I know Christmas is a time for families and togetherness but frankly, I’m concerned that flicking the switch to festive will mean a dangerous lapse in the year’s most widely embraced activity. I’m not referring to selfies or even to ‘contouring’ or ‘strobing’ to achieve selfie-readiness. I fear, in fact, that we may lose the plot when it comes to condemnation.
Public shaming and its consequence, public contrition, have overflowed like a blocked convenience during 2017. An annus horribilis you might think, considering the pain of so much humiliation and prostration. But truth be known, the new avengers luxuriate in the brown soup. There is nothing more worthy than flaying the boor du jour on ‘social’.
Speaking of which, is Kevin Spacey dead yet?
At the apogee of last month’s lynching, the 56-year-old Spacey was publicly shackled to his 26-year old self. The 2017 version pronounced himself ‘beyond horrified’ at his earlier self’s alleged licentious behaviour. After one allegation prompted an inundation of accusations, Spacey sought treatment for something, and was disappeared from a film he could have sworn he’d played in. It hardly matters now since he’s probably been swept out to sea, or is cracking coconuts on Elba. Next Christmas we could be asking: Was there ever a man called Kevin Spacey?
Harvey Weinstein started the year as a rich guy with a knack for producing successful films, and cultivating Bill and Hillary whose world view he apparently shared. It all turned out rather badly (except for the Clintons who are still, as they say, the richer for having known him). The whole affair came as a terrible shock to the rest of us since the idea of casting couches and trading parts of one’s body for better parts on screen was previously unknown. On the upside, if Weinstein is guilty of some of the things he is supposed to have done, he will have the opportunity to research a feature film on prison life first hand, release date, pending.
The glee with which previously mute starlets took to the humiliation games reminded me of those people who lie in a coma for years, stubbornly mute, eyes shut tight — dead, to all intents and purposes, for all but the loved ones hanging on for a twitch or fluttering eyelid. There were Hollywood sirens who had not spoken for decades but who rose from their beds to give voice to condemnation of Weinstein. ‘We all make mistakes. I’ll get a second chance, I hope’, Weinstein said, in a significant vote of confidence in the Judaeo-Christian ethic of forgiveness — especially as he was speaking to a media posse. In your dreams, Harvey. The undead have risen.
Before we get too far into this particular Christmas article, I wish to make it clear that I’m as apologetic as the next woman or man for what is undoubtedly my own personal truckload of wrong-doing. One has learned a thing or two in one’s many years on earth. What may have passed in the past will not stand in the present. Indeed, behold the order in which I placed the sexes a couple of sentences back. Had I reversed them, or, God forbid, omitted the first, I might have been named and shamed for cocking a snoot at womankind, and falling into the old reflexive gender biases. Cocked snoots at any right-minded cohort whatsoever are doubleplus verboten these days.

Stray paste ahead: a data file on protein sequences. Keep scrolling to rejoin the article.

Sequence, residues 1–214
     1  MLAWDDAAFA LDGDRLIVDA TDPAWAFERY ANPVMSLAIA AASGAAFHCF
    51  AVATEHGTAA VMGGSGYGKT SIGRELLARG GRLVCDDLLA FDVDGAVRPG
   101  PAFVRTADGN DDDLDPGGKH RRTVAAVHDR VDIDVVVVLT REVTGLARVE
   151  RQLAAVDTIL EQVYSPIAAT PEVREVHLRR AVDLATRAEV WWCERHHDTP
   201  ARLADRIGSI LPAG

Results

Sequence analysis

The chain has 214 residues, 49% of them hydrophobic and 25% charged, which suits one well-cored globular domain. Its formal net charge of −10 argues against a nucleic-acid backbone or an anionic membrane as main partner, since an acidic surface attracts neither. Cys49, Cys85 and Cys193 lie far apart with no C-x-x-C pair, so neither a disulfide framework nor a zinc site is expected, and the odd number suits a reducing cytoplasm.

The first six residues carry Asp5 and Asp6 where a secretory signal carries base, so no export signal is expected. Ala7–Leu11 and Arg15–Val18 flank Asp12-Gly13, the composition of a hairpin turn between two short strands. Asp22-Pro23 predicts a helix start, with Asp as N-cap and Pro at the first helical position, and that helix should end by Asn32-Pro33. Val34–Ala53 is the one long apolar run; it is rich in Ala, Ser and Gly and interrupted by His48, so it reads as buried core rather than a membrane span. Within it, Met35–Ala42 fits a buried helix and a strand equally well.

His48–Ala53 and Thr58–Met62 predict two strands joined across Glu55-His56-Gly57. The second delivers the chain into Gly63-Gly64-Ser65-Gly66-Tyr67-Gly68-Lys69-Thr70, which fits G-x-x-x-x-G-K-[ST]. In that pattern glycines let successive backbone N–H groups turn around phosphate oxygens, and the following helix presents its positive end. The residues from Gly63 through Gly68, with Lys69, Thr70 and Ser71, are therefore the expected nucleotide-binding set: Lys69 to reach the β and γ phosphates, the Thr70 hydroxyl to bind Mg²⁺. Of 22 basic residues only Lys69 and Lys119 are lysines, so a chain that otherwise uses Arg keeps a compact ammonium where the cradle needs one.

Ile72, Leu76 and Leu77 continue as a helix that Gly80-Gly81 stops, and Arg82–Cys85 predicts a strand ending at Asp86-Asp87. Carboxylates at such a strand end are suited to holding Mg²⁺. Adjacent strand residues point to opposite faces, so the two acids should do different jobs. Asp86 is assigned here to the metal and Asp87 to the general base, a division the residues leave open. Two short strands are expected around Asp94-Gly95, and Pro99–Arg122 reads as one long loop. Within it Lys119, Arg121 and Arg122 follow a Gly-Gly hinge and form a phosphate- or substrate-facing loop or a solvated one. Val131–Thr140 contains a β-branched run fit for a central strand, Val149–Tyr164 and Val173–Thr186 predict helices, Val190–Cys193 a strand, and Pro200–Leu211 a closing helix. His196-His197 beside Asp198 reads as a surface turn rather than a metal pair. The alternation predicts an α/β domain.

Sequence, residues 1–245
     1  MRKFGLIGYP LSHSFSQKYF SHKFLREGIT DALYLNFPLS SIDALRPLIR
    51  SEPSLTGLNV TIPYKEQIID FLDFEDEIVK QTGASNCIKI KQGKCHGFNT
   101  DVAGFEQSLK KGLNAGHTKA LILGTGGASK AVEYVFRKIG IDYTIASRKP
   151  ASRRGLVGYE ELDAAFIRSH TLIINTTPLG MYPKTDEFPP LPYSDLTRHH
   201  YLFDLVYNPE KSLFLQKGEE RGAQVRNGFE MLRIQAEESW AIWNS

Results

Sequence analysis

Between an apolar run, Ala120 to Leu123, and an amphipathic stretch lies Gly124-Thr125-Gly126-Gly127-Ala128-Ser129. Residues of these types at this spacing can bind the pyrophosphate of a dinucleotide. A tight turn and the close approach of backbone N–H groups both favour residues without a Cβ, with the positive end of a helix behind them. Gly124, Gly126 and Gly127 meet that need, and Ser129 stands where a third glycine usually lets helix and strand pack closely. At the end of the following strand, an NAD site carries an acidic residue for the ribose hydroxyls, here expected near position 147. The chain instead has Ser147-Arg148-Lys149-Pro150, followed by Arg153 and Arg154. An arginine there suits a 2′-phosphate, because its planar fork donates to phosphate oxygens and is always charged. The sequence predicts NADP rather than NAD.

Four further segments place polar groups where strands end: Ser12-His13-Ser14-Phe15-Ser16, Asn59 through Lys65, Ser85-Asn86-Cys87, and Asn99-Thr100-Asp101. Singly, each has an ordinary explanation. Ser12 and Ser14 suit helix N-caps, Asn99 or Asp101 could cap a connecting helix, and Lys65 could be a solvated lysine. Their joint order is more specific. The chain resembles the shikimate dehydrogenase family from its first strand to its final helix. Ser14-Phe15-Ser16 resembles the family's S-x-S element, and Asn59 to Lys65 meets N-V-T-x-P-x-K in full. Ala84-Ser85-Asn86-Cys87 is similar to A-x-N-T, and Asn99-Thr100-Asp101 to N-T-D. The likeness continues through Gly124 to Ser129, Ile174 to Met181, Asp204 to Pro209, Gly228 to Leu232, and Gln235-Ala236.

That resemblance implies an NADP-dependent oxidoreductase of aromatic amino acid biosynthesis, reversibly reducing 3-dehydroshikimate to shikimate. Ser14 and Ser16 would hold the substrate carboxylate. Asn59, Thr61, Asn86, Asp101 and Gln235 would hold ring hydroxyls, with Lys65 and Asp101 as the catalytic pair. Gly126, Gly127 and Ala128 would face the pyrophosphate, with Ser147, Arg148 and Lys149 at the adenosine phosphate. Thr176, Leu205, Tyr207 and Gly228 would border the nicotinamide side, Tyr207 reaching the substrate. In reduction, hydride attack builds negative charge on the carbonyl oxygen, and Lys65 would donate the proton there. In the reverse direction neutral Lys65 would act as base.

I therefore respectfully add that if contrition regarding anything at all I have ever said or done were to become necessary, I am more than prepared to apologise as seeming guilty probably means I am. Truth be known, I’m already a little uneasy about the above allusion to a part of the male anatomy (not the snoot, we all have those).
The realisation has dawned—and let this be a lesson to me—that in allowing my hands to get away from me (typing), I may have exposed myself to accusations of prejudice and perhaps even harassment by omission. In failing to mention a series of letters, now etched in our culture as indelibly as SPQR in the stony streets of ancient Rome, I have probably committed an offence against some or all of the capitals involved. For this, I am truly sorry, whether the offence is taken by L or G, or even Q or I, or any other hitherto disenfranchised alphabetical unit. I now realise, perhaps too late for some, that gender is in no way the facile binary arrangement of yore.
At this juncture I must give a shout out to the first lass in a short series, who embraced the cleansing zeitgeist with such alacrity as to finger (excuse me) 93-year-old George H. W. Bush. At great risk to herself, several years after the fact, she was moved to announce that the wheelchair-bound and reportedly senile, former president wrapped his arm around the nearest thing to him—her posterior—as a group posed for pictures with the 41st President of the United States. Speaking truth to power — attagirl!
Also, I have a confession, which I realise may disturb some readers. I was recently contacted by a very pleasant reporter who offered me the opportunity to relate my experiences with a hitherto unexposed sexual predator who, apparently, serially forced himself on women a couple of decades ago. With a surprising degree of confidence, the friendly reporter suggested the alleged roll call of victims included me. It was with a sadness reminiscent of former Greens senator Larissa Waters’ upon discovering her Canadian-ness, that I was forced to report the man had never touched me. Or if he did, I’d missed it. Nor had I been aware of any such claims about him until the reporter’s call. Disappointment all round. A case, I’m afraid, of #NotMeToo.
My own inadequate testimony notwithstanding, it would be a mistake, dear friends, to compromise on vigilance this festive season. By all means, love and share, but beware of old men bearing gifts.
Subscribe to The Spectator Australia today for a quality of argument not found in any other publication. Subscribe – Try a month free